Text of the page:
PACFLT Hosts Senior Leaders Course
Senior military leaders from 14 nations gathered at U.S. Pacific Fleet (PACFLT) headquarters here in Hawaii for the Naval War College Combined Force Maritime Component Commander (CFMCC) Flag Officer Course Feb. 5-11.
The 27 CFMCC participants came from Australia, Bangladesh, Canada, Chile, France, India, Indonesia, Japan, Peru, Republic of the Philippines, Republic of Korea, Singapore, Sri Lanka, and the United States.
"This course is one of the most important international venues the U.S. Navy hosts and directly supports our strategic rebalance to the Indo-Asia-Pacific," said Adm. Harry B. Harris Jr., commander of U.S. Pacific Fleet. "It provides big and realizable dividends for all participating nations by strengthening regional partnerships and improving operational effectiveness to address our common maritime challenges. The juice is well worth the squeeze."
Chief of Naval Operations (CNO) Adm. Jonathan Greenert told CFMCC participants, "This is a unique situation; they didn't have such a thing when I was coming up. Grasp this opportunity," said Greenert, who stopped in Hawaii on his way to visit Australia and New Zealand. "The fellowship that you will start developing here enables us and other countries to get aligned. Personal relations make it happen. You will never have enough resources like this again."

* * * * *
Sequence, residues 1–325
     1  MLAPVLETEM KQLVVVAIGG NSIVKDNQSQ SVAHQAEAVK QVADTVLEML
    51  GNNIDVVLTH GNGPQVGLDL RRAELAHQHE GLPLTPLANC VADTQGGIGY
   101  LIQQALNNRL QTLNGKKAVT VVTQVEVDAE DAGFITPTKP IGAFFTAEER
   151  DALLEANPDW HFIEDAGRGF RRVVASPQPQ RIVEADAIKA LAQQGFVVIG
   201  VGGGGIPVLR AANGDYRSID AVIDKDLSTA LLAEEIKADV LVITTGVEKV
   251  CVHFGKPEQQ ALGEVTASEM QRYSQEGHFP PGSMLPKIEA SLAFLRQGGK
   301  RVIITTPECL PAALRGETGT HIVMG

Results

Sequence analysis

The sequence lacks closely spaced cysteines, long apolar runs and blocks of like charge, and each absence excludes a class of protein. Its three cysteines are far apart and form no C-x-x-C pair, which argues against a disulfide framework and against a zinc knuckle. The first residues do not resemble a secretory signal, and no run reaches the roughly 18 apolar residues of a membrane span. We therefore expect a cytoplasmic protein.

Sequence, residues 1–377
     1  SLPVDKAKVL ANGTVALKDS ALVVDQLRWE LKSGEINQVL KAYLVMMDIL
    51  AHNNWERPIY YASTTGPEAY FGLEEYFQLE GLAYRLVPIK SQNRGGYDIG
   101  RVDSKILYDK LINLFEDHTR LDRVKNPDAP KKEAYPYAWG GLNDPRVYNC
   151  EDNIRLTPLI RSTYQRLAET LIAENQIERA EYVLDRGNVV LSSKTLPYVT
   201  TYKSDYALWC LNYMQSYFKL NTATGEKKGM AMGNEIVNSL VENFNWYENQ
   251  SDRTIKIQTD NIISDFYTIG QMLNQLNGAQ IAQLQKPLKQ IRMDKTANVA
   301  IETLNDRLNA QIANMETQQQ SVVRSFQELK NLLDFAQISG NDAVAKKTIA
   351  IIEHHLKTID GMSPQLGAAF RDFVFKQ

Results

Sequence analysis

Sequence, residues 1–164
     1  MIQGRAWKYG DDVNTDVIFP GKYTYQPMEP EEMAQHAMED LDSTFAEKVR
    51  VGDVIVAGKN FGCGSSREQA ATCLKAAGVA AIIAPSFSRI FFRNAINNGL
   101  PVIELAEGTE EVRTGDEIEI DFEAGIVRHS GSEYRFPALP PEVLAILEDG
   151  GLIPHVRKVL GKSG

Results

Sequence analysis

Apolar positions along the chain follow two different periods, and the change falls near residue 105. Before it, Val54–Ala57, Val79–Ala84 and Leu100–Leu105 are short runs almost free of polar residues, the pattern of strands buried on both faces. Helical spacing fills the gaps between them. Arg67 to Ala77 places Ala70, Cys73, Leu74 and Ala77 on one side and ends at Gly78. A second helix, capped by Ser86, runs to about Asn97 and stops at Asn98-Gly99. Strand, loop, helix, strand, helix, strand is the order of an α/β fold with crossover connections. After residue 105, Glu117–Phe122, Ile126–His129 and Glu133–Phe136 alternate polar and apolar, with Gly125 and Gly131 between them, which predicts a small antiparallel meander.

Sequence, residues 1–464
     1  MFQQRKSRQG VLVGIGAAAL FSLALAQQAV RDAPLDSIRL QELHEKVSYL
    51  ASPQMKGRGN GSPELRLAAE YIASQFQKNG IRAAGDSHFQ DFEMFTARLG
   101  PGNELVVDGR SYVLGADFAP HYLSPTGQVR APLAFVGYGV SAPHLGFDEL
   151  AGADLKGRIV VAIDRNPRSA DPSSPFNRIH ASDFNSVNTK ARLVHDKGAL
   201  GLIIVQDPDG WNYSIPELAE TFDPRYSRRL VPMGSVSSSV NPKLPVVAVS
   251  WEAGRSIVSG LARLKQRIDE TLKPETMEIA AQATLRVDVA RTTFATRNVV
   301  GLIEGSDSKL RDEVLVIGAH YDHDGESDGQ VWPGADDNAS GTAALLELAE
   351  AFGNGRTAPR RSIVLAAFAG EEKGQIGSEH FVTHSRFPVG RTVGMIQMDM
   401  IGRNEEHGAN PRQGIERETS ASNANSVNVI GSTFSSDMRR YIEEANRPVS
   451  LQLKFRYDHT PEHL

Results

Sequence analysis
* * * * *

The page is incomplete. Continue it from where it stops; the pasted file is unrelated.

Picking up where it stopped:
The Naval War College facilitated the weeklong course, and this was the ninth annual CFMCC hosted by PACFLT since 2007.
"With the U.S. Navy presence in the Asian maritime theater, it is important to have CFMCC at PACFLT," said retired Vice Adm. Yoji Koda, a facilitator from the Naval War College and former commander in chief of the Japan Maritime Self-Defense Force Fleet. "It is essential to give the countries aligned with the U.S. a better understanding of how PACFLT conducts business."
The participants heard lectures on maritime security and took part in open-forum panel discussions facilitated by subject-matter experts to foster a better understanding of the various perspectives involved in a combined force.
"It's an honor to be here at CFMCC. This is a good opportunity to make friends with all the countries here," said Rear Adm. Young-suk Kim, Republic of Korea Navy, deputy commander Republic of Korea First Fleet. "This is also a great opportunity to better understand PACFLT and the U.S. Navy, its history at Pearl Harbor and how huge it is."
Rear Adm. Lisa Franchetti, commander of U.S. Naval Forces Korea, echoed Kim's sentiments.
"CFMCC gives us the opportunity to build personal relationships with our partners, improve cooperation across the theater, and learn from the experience of the senior facilitators," Franchetti said. "The course provides great exposure to senior leader views, such as the CNO, PACFLT commander and Marine Forces Pacific commander. We also get to hear the partners and facilitator's perspectives on the Indo-Asia-Pacific and their thoughts on how to effectively organize for a combined operation."
The value of these cooperative relationships has been proven in recent months when the U.S. Navy operates with partners and allies during disasters such as responding to Typhoon Haiyan in the Philippines or in the search for missing airliners.